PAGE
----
Because I Am Meaner Than You

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As time will do, when it passes by it takes little chunks of me with it. I know I wake up in the morning a lot creakier than I used to and there is swiss cheese where my remembering parts used to be.

This problem is true for both humans and animals.

And so it has come to pass that my fourteen and almost fifteen-year-old feline is having a few health issues. It’s not good, but it’s manageable.

What this means, however, is we have to give the fuzzy three different medications.

Now, this animal of ours, she does not like to be messed with. At all. The survival instinct is strong with this one, and fight not flight is her main mode.

This cat stands her ground and then some.

Many of you are probably saying, “nah, that’s just how cats are” and think about how squirmy your cat may be.

Be advised, our vet is scared of this cat. Let me drive that point a little farther in. A woman whose job it is to deal with animals in all forms day in and day out, and has been doing so for almost thirty years, has told us “you know your cat is especially wiggly, right?”

Wiggly. That sounds cute.

It’s not.

So back to these three medications. One is a drop we can put on a piece of food. Fine, that happens easily.

One is a pill. This involves prying her mouth open, which then invites a lot of biting, clawing and hostility. Occasional growling and meowing too. Once the pill is down many hostile looks are sent my way as I watch an animal plotting my death in her mind.

The third is an asthma inhaler. Delivering this medication is, to put it mildly, a rodeo. We watched videos online to see how to do this and every person who said “my cat fights it” or “my cats is extra squirmy” was the owner of the kind of cat I would love to have.

These people who think they have a wiggly cat have not wrapped an arm around Satan incarnate and tried to get the great horned creature to inhale and exhale a minimum of ten times with a rubber mask over its snout.

There have been times The Good Man and I have both tried to hold this feline beast down and administer the meds and haven’t been able to do so.

To be fair, my handsome and adorable Good Man is also a kind man. He’s a gentle soul, which is probably why he is able to put up with me.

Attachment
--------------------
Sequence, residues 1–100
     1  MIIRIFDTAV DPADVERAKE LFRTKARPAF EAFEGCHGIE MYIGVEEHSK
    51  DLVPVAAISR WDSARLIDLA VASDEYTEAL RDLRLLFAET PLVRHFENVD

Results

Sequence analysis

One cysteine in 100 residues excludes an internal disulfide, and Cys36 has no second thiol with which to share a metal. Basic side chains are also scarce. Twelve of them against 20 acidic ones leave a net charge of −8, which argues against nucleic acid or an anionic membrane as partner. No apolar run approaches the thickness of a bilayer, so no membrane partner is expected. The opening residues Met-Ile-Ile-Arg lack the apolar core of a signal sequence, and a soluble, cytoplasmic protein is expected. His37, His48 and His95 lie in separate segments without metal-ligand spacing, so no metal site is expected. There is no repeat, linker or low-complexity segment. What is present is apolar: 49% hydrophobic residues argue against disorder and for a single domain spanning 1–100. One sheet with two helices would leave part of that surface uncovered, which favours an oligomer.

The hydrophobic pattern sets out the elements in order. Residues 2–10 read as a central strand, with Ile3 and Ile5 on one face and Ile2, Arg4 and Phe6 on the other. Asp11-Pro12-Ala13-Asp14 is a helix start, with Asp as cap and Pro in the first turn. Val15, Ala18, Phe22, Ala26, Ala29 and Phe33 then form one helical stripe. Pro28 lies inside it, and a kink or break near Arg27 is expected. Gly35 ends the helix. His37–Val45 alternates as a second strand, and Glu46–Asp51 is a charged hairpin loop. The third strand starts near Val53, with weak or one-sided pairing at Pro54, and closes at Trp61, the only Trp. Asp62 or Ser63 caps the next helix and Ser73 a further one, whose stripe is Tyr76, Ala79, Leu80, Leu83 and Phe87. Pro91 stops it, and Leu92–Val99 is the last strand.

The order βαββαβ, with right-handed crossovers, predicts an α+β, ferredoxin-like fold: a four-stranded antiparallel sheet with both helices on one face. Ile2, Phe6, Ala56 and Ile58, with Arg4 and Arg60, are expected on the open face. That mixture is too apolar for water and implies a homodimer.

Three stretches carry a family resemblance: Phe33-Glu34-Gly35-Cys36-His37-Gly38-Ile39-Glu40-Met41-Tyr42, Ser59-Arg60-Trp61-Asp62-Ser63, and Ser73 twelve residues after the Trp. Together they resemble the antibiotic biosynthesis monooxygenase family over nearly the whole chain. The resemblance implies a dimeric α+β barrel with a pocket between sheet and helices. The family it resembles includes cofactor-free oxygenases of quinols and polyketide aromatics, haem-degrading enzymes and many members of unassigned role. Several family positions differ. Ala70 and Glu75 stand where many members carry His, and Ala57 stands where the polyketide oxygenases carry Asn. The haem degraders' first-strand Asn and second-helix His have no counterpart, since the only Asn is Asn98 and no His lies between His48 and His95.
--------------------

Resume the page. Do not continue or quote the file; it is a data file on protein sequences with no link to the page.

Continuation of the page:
He hates seeing his own cat suffer this much. He and that damn feline have been through a lot together, they are like survivors of the wars and he feels it is a betrayal to do this to her.

So the wet work, as they say, falls to me. May I point out the many scratches on my arms, legs and chest?

But I seem to have sorted out how to get the meds into the beast. I have tried many approaches and for the moment I have something that is working. I’m sure that smart cat will figure out a counter attack, but for now, I’m doing it.

Last night as I held that damn asthma mask on the cat and she was actually kind of still (because I had her in a wrestling lock that Rowdy Roddy would be proud of) and breathing, The Good Man looked on in amazement.

“How…how did you do that?” he asked, perplexed. “I don’t understand how you can give her the meds and I can’t?”

I replied simply, “It’s because I’m meaner than you.”

And it’s true.

As a woman of New Mexico, I have worked cattle, horses, sheep and pigs (and on one weird day, turkeys).

When you work livestock you learn more than a little about giving meds to an animal who would rather you didn’t. And how to do it without hurting yourself or the animal.

And how to grit your teeth and be a little mean about it because ultimately it’s being kind. I hope we can get this feisty cat to feeling better.

I have to admit, I admire her survival instinct. Now pass me the Neosporin.





What?!?!




Photo Copyright 2012, Karen Fayeth, and subject to the Creative Commons in the right column of this page. Taken with an iPhone5 and the Camera+ app.




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Comments

  • Beth in Taos

    Wow, I’ve never heard of an asthma inhaler for a cat. I’m impressed that you’re able to do it. Several years ago our cat Shadow was in kidney failure, which meant we gave her sub-Q fluids once a week. I held her down while my husband stuck the needle in her (I never could have done that). Poor Shadow was so good about it once we caught her and got it started. I think she realized it made her feel better, but getting it started each time was the hard part. I hope you never have to do sub-Qs with your cat.

    • Karen Fayeth

      Hi Beth – When I first met The Good Man he had an old boy cat, a fabulous orange tabby whom I loved very much. That old kitteh had kidney issues and The Good Man had to do sub-Q for a while. That poor kitteh took it very stoically. Tough stuff.

      So far so good on asthma inhaler. Yes, I had no idea such a thing existed either but I guess it does. The Feline hates it but she’s slowly getting calmer for the process.

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